Kate Cimini is a reporter for The Salinas Californian covering economic inequality, housing and homelessness. A recovering public school teacher, she graduated from Northwestern University's Medill School of Journalism in 2018 with a master's degree in national security journalism. Upon graduation, she joined The Californian as its enterprise reporter and has since led the newsroom's partnership with CalMatters, a nonprofit news outlet, as a reporter for the California Divide project. She also led The Californian's partnership with Catchlight Local, partnering with a photography fellow to illustrate the impact of the state's housing crisis on Salinas's farmworkers. She received a Center for Health Journalism Fund grant for her work on that project.
California farmworkers have been hit especially hard by the virus, as they often live in overcrowded housing, travel in groups to work, and lack access to health insurance.
A new pair of housing bills would extend tenant eviction protections through the end of March and introduce a new path to create additional housing in under-utilized, big-box developments.
Salinas and Monterey County as a whole are some of the least affordable places to live in the U.S., per the 2019 Harvard State of the Nation's housing study.
These responses were submitted by members of an advisory board on farmworker housing that featured growers, advocates, and service providers in Monterey County, organized by The Californian reporter Kate Cimini.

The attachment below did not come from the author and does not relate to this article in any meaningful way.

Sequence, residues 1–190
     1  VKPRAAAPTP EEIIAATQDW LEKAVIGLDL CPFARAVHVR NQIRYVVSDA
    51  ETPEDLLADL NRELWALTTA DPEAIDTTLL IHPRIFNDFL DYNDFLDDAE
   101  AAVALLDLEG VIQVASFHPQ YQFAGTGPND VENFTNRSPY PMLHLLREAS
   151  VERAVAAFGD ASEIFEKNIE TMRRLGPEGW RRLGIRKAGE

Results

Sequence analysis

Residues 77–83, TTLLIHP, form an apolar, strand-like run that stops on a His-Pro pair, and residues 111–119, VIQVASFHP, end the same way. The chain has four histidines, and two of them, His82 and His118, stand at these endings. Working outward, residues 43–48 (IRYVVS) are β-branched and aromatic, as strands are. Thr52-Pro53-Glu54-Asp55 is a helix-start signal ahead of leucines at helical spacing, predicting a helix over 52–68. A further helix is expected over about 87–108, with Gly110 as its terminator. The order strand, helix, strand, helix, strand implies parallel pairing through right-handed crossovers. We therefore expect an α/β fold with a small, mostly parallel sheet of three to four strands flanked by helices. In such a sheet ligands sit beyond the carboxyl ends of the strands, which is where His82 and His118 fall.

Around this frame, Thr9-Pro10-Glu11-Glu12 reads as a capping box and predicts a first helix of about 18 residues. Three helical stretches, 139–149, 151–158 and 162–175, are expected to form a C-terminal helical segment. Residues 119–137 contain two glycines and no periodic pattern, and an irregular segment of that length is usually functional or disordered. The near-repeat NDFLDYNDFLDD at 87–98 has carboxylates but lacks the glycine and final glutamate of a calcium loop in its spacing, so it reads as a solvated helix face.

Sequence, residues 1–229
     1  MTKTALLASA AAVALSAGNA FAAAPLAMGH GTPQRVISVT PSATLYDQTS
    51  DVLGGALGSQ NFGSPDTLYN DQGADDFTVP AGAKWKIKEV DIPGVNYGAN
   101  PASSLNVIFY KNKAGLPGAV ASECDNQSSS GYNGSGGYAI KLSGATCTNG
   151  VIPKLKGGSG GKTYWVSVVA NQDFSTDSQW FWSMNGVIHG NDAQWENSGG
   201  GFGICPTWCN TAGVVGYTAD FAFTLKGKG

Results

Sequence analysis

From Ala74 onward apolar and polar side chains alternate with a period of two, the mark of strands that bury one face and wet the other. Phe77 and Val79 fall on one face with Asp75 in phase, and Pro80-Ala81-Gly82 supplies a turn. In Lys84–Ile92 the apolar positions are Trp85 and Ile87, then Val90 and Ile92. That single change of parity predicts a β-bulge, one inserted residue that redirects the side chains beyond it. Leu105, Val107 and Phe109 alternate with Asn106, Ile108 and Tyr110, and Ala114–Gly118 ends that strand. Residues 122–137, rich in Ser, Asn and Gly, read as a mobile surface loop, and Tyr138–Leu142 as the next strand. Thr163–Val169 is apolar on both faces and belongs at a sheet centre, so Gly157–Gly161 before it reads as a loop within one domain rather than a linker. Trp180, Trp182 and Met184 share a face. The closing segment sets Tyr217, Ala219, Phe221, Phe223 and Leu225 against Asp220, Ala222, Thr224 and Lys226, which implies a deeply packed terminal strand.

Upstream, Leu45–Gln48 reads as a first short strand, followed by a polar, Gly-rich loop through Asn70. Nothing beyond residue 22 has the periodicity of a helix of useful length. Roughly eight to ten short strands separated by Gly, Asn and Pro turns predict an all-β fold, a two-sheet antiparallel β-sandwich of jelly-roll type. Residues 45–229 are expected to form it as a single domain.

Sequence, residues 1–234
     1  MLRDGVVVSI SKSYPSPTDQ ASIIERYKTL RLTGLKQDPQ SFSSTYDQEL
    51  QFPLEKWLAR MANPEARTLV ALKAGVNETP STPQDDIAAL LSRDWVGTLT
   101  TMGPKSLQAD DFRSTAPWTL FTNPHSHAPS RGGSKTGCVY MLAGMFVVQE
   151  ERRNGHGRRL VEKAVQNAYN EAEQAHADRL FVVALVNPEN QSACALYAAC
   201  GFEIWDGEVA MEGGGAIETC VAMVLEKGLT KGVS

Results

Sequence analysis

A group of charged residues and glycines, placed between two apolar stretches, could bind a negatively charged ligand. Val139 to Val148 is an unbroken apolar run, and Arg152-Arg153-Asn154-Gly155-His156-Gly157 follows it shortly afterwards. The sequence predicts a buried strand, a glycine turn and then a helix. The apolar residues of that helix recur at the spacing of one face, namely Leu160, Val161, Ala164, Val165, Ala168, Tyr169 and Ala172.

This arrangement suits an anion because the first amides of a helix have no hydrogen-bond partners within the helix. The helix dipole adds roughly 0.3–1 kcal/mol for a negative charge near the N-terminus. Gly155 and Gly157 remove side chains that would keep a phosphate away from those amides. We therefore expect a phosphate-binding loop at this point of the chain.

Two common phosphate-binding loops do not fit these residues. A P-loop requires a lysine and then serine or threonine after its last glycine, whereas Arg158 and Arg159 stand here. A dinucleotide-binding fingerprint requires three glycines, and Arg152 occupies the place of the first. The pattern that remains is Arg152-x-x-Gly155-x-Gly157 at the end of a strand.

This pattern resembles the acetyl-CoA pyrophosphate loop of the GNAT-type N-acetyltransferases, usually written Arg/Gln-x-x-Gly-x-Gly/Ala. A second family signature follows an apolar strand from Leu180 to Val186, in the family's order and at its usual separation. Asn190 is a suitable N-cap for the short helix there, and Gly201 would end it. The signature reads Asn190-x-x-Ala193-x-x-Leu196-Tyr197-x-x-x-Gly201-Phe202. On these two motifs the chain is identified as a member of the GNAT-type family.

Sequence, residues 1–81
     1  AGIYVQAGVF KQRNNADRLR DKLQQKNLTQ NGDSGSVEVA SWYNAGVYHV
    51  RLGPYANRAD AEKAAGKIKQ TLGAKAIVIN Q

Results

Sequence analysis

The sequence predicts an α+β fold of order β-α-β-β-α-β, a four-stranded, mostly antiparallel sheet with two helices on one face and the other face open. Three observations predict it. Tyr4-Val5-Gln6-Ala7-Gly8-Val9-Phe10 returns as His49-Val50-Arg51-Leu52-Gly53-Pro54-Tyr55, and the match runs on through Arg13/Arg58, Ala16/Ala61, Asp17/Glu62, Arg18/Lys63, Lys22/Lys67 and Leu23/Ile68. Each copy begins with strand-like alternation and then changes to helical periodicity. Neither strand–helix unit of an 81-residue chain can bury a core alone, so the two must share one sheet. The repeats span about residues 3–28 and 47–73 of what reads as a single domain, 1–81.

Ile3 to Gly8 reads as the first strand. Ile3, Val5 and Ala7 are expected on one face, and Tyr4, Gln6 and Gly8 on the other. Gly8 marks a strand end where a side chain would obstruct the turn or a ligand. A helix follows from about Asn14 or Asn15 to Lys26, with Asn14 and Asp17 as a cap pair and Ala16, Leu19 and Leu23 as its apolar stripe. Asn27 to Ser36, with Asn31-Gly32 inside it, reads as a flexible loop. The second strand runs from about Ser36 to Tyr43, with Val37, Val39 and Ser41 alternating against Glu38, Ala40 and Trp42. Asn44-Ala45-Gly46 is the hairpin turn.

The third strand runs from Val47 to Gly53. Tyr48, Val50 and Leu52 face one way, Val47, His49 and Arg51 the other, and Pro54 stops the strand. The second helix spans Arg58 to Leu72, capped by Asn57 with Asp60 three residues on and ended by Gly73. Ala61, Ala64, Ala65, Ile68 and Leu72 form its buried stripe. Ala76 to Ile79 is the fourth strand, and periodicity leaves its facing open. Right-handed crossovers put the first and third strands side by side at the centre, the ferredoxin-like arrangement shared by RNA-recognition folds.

Renters are left out in the cold when their new landlord raises the rent by hundreds of dollars or requires all renters move out before they take over the building.
Across California, essential and service workers like Flores Contreras are being hit hardest by the coronavirus, and so are the people they live with.
Nearly 40% of Monterey County growers reported financial losses related to the coronavirus-prompted shutdown.
The poorest, most congested ZIP code in Salinas are being hit the hardest by the coronavirus, according to data released Monday.
"Ag workers are uniquely vulnerable to this virus because of the close proximity they often work and live," said California Assemblymember Robert Rivas.
The Trump administration is considering cutting the pay of guest visa farmworkers during the coronavirus pandemic to help the farm industry.